Topic : Common Controls
Author : Unknown
Page : << Previous 6  Next >>
Go to page :

specify a range indicating which characters are to be selected. If we pass 0 to nStartChar and -1 to nEndChar, all the characters in the edit box will be selected. Then we use a loop to check if the text contained in the edit box is identical to any item string in the list box. In case there is no hit, we will add this string to the list box by calling function CComboBox::AddString(...). Finally, a TRUE value is returned before this function exits.

Using this method, we can also trap other keystrokes such as DELETE, ESC to the combo box. This will make the application easier to use.

10 Implementing Subclass for the Edit Box of a Combo Box

Under certain conditions we may want to put restrictions on the contents of the list items. For example, sometimes we may want the combo box to hold only numerical characters ('0'-'9'), and sometimes we may expect it to hold only alphabetical characters ('a'-'z', 'A'-'Z'). In these cases, we may want to customize the properties of the edit box so that only a special set of characters can be accepted. If we are creating an edit box resource in dialog template, this can be easily achieved by setting its customizable styles. But for the edit box of a combo box, we can not customize its styles before it is created, so the edit box contained in a combo box will have only the default styles.

To customize the behavior of the edit box in a combo box, we need to use "subclass" technique. We can design our own class to intercept and process the messages sent to the edit box. Sample 10\CCtl demonstrates how to customize the edit box that belongs to a combo box. It is based on sample 9\CCtl, with two combo boxes customized as follows: combo box IDC_COMBO_SIMPLE allows only numerical characters to be input into the edit box; combo box IDC_COMBO_DROPDOWN accepts only alphabetic characters.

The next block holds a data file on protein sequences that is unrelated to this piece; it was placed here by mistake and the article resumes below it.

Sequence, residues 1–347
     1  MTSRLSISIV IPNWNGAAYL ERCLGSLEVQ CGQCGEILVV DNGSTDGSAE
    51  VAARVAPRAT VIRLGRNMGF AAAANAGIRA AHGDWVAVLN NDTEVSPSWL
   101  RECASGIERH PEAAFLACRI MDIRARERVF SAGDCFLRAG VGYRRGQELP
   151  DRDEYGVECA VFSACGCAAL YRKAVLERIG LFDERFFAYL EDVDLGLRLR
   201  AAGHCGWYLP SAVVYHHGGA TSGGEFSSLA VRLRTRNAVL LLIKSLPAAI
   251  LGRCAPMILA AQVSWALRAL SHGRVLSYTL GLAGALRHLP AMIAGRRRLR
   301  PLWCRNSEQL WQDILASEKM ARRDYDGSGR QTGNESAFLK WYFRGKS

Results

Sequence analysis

Designing New Classes

Before implementing subclass, we need to design two classes that have the above-mentioned new properties. In the sample, MCNumEdit and MCCharEdit are added for this purpose. Both of them are derived from class CEdit. In Developer Studio, a new class can be easily added by using Class Wizard through following steps: 1) Execute command Insert | New Class to invoke the Class Wizard. 2) Input the class name, select the header file and implemantation file name. 3) Select base class name.

To customize the input attributes of an edit box, we need to handle WM_CHAR message, which is used to indicate that a character is being input into the control. This message handler can also be added through using Class Wizard after it is invoked as follows: 1) Click "Message Map" tab, select "MCNumEdit" or "MCCharEdit" class name in window "Class name". 3) Highlight "MCNumEdit" or "MCCharEdit" in window "Object IDs". 4) Locate and highlight "WM_CHAR" in window "Messages". 5) Click "Add function" button.

The following is one of the two functions generated by Class Wizard:

void MCNumEdit::OnChar(UINT nChar, UINT nRepCnt, UINT nFlags)


CEdit::OnChar(UINT nChar, UINT nRepCnt, UINT nFlags);


This function has three parameters. The first parameter nChar indicates the value of the key, which provides us with the information of which key being pressed. The Second parameter indicates the repeat count, and the third parameter holds extra information about the keystrokes.

If we want the keystroke to be processed normally, we need to call the base class version of this function. If we do not call this function, the input will have no effect on the edit box. The following code fragment shows two message handlers implemented in the sample:

(Code omitted)

Class MCNumEdit accepts characters '0'-'9' and backspace key, class MCCharEdit accepts characters 'A'-'Z', 'a'-'z' and backspace key.

Implementing Subclass

To use the two classes, we need to include their header files and use them to declare two new variables in class CCCtlDlg:


#include "CharEdit.h"

#include "NumEdit.h"


class CCCtlDlg : public CDialog





MCCharEdit m_editChar;

MCNumEdit m_editNum;



In the dialog box's initialization stage, we need to implement subclass and change the default behavior of the edit boxes. Remember in the previous chapter, function CWnd::SubclassDlgItem(...) is used to implement subclass for an item contained in a dialog box. Although the edit box within a combo box is a indirect child window of the dialog box, it is not created from dialog template. So here we must call function CWnd::SubclassWindow(...) to implement subclass. The following is the format of this function:

BOOL CWnd::SubclassWindow(HWND hWnd);

Here, parameter hWnd is the handle of the window whose behavior is to be customized. From sample 9\CCtl, we know how to obtain the handle of the edit box that belongs to a combo box. The following is the procedure of implementing subclass for IDC_COMBO_DROPDOWN combo box: